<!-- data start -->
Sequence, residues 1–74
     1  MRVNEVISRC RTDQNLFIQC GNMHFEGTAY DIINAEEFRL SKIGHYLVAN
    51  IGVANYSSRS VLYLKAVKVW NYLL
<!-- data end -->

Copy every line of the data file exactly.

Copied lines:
Sequence, residues 1–74
     1  MRVNEVISRC RTDQNLFIQC GNMHFEGTAY DIINAEEFRL SKIGHYLVAN
    51  IGVANYSSRS VLYLKAVKVW NYLL